Dutch multinational bank ING is facing scrutiny for funding new coal-fired power plants in Indonesia.
A collective of Indonesian environmental campaign groups has filed a complaint about ING loans financing the Cirebon 1 and 2 coal plants in West Java, which it says are responsible for damage to coastal ecosystems, community livelihood losses, human rights violations, and corruption.
The group, called ResponsiBank Indonesia Coalition, a 13 member-strong collective that is part of Fair Finance Asia, timed the complaint with ING’s shareholders meeting on Monday (26 April), and have shared it with Dutch ministers of finance, foreign trade and development cooperation, and the Dutch parliament.
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The first coal plant in the coastal town of Cirebon was built in 2012. Cirebon 2 is a $2.2 billion, 1,000-megawatt facility slated to go online next year. The project was mired in a bribery and corruption scandal involving the Korean plant construction company and the former district head of Cirebon.
According to data from ResponsiBank, ING provided US$592 million in financing for Cirebon 2, and awarded Marubeni, the Japanese trading company behind the construction of Cirebon 2, a US$182 million loan. ING also provided financing to Cirebon 1.
ING cannot just slap someone in his face, and say: ‘Sorry, I won’t do it again’.
Peter Ras, project leader, Fair Finance Netherlands
ResponsiBank’s complaint, which was lodged on ING’s website, noted the social and environmental impacts of the plants. Since Cirebon 1 went online, salt farmers have reported production losses, and fishers say that pollution from the plant has hurt their livelihoods. In 2017, a West Java court ordered the revocation of Cirebon 2’s environmental permit, but the permit was later reissued.
The group has called on ING to publicly detail the measures it has taken to prevent environmental destruction and human rights violations that could result from the coal plants. It also has asked ING to explain how it has worked to prevent corruption, and what the bank did after the corruption allegations emerged.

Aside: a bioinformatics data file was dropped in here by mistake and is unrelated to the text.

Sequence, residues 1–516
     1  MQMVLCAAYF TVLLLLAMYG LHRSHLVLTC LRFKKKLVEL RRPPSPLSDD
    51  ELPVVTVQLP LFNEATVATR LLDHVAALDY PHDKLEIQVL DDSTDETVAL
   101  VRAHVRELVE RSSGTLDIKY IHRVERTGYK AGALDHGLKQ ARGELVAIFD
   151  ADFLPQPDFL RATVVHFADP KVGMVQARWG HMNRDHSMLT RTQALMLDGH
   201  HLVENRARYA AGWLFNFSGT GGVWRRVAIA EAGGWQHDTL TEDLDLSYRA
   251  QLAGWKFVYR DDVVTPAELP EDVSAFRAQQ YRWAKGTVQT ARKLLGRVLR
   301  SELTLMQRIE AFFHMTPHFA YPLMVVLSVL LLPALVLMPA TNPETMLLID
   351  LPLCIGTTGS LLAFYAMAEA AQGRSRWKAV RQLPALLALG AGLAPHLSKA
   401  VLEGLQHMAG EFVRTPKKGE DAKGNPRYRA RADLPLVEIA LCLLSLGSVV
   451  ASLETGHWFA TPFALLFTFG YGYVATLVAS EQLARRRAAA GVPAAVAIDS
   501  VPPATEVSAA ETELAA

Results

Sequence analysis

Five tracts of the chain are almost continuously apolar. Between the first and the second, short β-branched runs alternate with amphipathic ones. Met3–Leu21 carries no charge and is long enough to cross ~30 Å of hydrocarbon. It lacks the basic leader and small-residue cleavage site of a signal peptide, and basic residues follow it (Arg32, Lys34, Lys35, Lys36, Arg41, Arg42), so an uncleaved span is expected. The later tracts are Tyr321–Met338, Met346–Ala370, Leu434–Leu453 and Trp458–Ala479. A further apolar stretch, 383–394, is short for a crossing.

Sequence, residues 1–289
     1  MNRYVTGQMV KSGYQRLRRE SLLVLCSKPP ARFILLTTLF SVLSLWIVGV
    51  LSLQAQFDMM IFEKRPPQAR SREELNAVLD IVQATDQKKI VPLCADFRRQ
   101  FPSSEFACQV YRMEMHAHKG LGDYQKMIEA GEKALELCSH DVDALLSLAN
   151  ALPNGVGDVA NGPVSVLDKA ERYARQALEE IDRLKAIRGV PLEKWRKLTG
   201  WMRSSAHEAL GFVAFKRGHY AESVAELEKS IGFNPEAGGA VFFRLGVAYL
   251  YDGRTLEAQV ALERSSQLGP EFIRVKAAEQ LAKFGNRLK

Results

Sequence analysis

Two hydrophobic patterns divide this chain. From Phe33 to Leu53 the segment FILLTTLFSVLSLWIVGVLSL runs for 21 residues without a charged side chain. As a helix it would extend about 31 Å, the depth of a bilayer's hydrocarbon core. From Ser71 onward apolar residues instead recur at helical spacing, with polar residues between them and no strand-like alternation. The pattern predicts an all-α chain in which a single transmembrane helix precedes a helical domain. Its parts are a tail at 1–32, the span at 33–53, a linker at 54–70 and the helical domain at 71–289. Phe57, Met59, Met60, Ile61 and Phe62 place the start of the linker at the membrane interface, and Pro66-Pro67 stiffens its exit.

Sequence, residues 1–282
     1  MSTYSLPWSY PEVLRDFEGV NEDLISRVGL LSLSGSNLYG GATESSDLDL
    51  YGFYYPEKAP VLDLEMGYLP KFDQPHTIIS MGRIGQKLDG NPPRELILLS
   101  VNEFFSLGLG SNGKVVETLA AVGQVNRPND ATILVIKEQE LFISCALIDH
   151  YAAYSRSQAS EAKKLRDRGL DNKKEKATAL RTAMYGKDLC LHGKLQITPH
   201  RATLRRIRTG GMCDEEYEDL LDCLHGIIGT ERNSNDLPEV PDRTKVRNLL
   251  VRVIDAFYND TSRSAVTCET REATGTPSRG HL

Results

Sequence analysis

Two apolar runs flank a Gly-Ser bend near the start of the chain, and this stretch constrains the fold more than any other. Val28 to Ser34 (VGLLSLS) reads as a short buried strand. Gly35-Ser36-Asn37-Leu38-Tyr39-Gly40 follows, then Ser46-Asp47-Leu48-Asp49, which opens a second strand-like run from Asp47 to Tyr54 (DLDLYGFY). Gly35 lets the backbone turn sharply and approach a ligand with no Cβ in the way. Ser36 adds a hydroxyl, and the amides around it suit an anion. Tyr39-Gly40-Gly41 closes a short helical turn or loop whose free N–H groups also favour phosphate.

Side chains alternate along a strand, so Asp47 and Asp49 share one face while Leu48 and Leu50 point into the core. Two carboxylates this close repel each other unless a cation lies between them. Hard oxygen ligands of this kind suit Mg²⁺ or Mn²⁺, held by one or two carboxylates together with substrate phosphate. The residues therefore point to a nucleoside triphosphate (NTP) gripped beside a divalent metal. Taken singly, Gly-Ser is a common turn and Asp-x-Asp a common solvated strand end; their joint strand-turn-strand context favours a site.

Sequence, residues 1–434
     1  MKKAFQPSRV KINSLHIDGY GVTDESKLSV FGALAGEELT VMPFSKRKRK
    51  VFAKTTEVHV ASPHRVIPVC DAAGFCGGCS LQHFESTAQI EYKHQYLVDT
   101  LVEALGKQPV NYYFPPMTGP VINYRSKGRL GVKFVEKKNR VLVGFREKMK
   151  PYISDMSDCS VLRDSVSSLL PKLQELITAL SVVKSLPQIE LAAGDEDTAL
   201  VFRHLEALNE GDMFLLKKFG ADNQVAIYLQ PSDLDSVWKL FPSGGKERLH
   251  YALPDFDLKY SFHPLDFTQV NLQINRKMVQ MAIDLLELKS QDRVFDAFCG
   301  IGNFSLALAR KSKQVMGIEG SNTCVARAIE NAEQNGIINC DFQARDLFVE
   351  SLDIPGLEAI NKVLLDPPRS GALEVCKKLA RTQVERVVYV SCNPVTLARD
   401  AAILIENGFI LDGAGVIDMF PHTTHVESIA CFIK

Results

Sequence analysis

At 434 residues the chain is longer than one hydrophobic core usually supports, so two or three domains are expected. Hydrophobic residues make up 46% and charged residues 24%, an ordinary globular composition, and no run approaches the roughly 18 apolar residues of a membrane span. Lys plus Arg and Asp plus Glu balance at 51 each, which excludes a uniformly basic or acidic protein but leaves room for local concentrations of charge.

“If ING is unwilling or unable to provide concrete answers on these questions, stop further funding of Cirebon Coal Plant 2,” the group said.
ING told Eco-Business in a statement that it is not easy to pull out of the project. “Financing does not mean sending money over day by day, but usually means lending a large sum upfront and then getting repaid over time. So ‘ending financing’ of a project is usually hardly possible in practice,” it said.
At the time of financing the Cirebon project, “we performed proper due diligence and used our leverage where needed and possible,” ING added. “We have therefore complied with the OECD Guidelines [on coal financing] and have not contributed to any harm.”
It added that Cirebon was the last coal project it financed before adopting a no-coal policy in 2015, and of its total lending for individual power plants, only 1.6 per cent now relates to coal-fired plants. “We will reduce that to close to zero by 2025,” the bank said.
ResponsiBank’s complaint is the latest of several Indonesian and international NGOs have made about the bank’s funding of the Cirebon plants since 2016. Peter Ras, project lead, Fair Finance Guide Netherlands, said that while ING has improved its coal policies over the years, these policies have made no difference to the projects the bank is already financing.
ING has a continuing responsibility to prevent harm, and encourage or even help arranging remedy for victims of violations and pollution for all projects it finances, Ras said. “ING cannot just slap someone in his face, and say: ‘Sorry, I won’t do it again’.”
Ras added that ING could back out of the Cirebon project by selling off its loan. “However, ING will probably lose money if they do so, and that’s a sensitive issue for them. However, ING has done it before: it has sold its project finance in the Dakota Pipeline,” he said.
The funding of any new coal plants has been deemed incompatible with the Paris Agreement on climate change, according to BankTrack, an NGO, and developed regions such as the European Union need to have exited coal — the single biggest driver of carbon emissions globally — by 2030, with the rest of the world following by 2040.